published: September 2001
I was wondering if you could tell me a bit more about the Vipassana 10 day meditation course. I was introduced to meditation while practicing yoga. I am interested in the course and would love to hear about your personal experiences during the 10 day course. I am a person who loves to talk, so I am wondering if I can even manage to be mostly silent for 10 days. That in itself would be a challenge! I would also love to know how you have applied Vipassana to your daily life.
I took my first Vipassana course about 11 years ago on an island in British Columbia. It was the most difficult thing I had ever done, and also the most rewarding!!!
The Vipassana we practice is in the tradition of Sayagyi U Ba Khin, and the main teacher is S. N. Goenka.
This is the purest form of meditation that we've found, using the exact technique that the Buddha taught, without any additions or subtractions, including following the tradition of not charging for courses. I believe that this is the tradition that will take you the deepest and give you the best results.
Learning to observe things as they are
Vipassana, or insight meditation, teaches us how to observe things as they are, and not to react because things aren't the way we want them to be.
During a Vipassana course, the first 3 1/2 days are spent learning to concentrate your mind by observing your breath. Then, after your mind has become more focused, you switch to observing the whole body, in a systematic way.
The technique itself is very simple and instructions are given several times a day. However, actually keeping the old, wandering mind focused and observing the breath is obviously going to be difficult, at least for the beginner. The secret is to just keep trying, without getting upset at yourself.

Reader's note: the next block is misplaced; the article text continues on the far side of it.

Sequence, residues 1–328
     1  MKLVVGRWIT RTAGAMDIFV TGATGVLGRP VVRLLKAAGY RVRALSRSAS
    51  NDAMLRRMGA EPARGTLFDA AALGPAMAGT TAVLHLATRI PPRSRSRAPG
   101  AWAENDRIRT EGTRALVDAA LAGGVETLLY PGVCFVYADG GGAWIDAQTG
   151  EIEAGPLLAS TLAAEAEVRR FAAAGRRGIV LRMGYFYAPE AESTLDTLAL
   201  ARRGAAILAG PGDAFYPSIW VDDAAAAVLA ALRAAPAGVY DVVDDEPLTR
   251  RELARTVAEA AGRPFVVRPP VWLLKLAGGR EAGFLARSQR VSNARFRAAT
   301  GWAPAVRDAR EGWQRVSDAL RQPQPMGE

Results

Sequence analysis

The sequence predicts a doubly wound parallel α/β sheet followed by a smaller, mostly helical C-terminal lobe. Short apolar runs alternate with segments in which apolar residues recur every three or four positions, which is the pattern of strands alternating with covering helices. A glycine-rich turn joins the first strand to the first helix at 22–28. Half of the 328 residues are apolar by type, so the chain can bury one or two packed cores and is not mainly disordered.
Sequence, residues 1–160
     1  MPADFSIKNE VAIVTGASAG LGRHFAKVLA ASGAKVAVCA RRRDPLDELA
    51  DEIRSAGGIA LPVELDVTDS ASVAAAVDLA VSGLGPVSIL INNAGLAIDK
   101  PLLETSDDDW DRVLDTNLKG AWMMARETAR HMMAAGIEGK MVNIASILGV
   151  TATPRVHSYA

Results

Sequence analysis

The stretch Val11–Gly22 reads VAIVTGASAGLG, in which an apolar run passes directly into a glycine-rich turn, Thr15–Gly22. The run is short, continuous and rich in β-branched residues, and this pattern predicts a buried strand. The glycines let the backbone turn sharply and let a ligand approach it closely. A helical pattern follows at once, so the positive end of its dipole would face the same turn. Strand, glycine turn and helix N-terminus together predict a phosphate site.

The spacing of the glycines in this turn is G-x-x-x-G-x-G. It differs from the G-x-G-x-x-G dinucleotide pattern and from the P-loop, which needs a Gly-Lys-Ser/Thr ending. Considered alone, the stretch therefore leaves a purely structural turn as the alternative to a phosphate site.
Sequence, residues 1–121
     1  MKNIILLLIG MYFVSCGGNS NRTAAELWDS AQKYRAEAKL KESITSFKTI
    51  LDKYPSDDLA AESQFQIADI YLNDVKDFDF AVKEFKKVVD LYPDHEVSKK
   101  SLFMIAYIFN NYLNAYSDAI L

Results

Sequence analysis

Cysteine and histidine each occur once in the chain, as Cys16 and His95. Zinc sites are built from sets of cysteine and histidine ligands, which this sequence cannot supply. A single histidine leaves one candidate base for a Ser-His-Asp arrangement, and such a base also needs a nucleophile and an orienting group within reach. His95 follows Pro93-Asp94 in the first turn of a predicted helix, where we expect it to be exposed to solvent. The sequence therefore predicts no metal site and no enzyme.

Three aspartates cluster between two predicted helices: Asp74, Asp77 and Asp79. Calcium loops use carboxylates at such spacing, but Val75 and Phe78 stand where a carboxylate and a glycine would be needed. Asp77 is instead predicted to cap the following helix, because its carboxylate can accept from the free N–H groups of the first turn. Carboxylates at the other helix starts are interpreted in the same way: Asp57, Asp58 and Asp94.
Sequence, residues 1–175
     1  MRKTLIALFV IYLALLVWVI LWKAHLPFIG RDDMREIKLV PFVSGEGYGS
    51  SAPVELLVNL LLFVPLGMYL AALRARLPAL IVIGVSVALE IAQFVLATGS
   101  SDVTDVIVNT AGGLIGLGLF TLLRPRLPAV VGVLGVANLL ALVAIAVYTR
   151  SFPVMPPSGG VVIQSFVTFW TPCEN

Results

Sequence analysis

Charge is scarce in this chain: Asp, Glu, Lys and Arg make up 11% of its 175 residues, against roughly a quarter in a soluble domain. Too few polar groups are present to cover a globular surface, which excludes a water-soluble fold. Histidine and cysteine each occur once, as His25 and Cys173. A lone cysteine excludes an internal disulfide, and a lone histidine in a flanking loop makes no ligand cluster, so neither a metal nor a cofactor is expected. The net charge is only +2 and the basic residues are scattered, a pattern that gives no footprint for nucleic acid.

As you do this, thoughts arise in your mind. Most are old accumulated things that we have stuffed down and buried in our 'unconscious' mind. Normally, when thoughts come up, we react with craving to things we like and aversion to the things we don't. During the course, however, we actually learn how to just observe our thoughts and not react to them.
When we are able to observe without reacting, if even for the briefest of moments, these thoughts are released, and a layer of negativity is actually removed from our mind.
Of course, just observing and not reacting to most of the things that are stored in our mind is the difficult part. This is especially difficult with thoughts that are either very unpleasant or very pleasant.
But, little by little, the technique helps us learn to be more skilled at observing without reacting
Also, as our minds become free of negativity and automatic reactions, insights into how our mind works start appearing.
After 9 days of practicing Vipassana, we begin talking again on Day 10. Day 10 is when we start coming up from being so self-aware and prepare to go back into the outside world. And a most amazing thing happens. No matter how difficult the course was, or how much negativity came up and had to be dealt with, everyone feels much lighter and happier. I always go around with a huge smile and feel fabulous.
Practicing Meditation in Daily Life
And the results in daily life....?
Well, the technique gives us some very practical tools to use. Whenever I find my mind starting to roll in negative thoughts, (he did this to me..., she did that..... therefore I need to...... etc), as soon as I realize what's happening, I can break the cycle of negativity and negative-reinforcement.